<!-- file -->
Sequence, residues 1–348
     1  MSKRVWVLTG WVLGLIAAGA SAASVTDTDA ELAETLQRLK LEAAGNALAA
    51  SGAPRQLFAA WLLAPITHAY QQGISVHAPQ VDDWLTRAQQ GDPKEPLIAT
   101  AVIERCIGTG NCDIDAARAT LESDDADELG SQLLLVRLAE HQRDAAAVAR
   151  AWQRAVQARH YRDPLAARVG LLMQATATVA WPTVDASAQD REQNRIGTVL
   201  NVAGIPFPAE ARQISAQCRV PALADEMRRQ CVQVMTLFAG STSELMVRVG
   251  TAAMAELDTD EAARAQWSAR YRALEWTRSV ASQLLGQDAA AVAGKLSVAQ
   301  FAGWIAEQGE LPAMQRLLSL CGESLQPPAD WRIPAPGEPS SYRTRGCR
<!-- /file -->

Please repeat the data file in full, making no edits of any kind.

Sequence, residues 1–348
     1  MSKRVWVLTG WVLGLIAAGA SAASVTDTDA ELAETLQRLK LEAAGNALAA
    51  SGAPRQLFAA WLLAPITHAY QQGISVHAPQ VDDWLTRAQQ GDPKEPLIAT
   101  AVIERCIGTG NCDIDAARAT LESDDADELG SQLLLVRLAE HQRDAAAVAR
   151  AWQRAVQARH YRDPLAARVG LLMQATATVA WPTVDASAQD REQNRIGTVL
   201  NVAGIPFPAE ARQISAQCRV PALADEMRRQ CVQVMTLFAG STSELMVRVG
   251  TAAMAELDTD EAARAQWSAR YRALEWTRSV ASQLLGQDAA AVAGKLSVAQ
   301  FAGWIAEQGE LPAMQRLLSL CGESLQPPAD WRIPAPGEPS SYRTRGCR